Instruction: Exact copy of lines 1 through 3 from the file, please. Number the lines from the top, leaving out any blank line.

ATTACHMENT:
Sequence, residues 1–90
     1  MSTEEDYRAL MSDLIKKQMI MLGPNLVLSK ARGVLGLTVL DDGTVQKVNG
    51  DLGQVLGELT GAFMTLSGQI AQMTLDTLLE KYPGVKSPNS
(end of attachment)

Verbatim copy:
Sequence, residues 1–90
     1  MSTEEDYRAL MSDLIKKQMI MLGPNLVLSK ARGVLGLTVL DDGTVQKVNG
    51  DLGQVLGELT GAFMTLSGQI AQMTLDTLLE KYPGVKSPNS